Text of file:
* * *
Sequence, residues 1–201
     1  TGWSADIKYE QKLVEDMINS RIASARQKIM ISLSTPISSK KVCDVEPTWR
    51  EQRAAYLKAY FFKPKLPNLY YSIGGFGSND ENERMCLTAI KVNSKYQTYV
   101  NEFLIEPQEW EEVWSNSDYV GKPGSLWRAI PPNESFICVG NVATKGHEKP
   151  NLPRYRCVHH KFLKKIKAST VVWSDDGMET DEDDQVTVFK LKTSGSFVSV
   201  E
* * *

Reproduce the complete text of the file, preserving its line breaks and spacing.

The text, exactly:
Sequence, residues 1–201
     1  TGWSADIKYE QKLVEDMINS RIASARQKIM ISLSTPISSK KVCDVEPTWR
    51  EQRAAYLKAY FFKPKLPNLY YSIGGFGSND ENERMCLTAI KVNSKYQTYV
   101  NEFLIEPQEW EEVWSNSDYV GKPGSLWRAI PPNESFICVG NVATKGHEKP
   151  NLPRYRCVHH KFLKKIKAST VVWSDDGMET DEDDQVTVFK LKTSGSFVSV
   201  E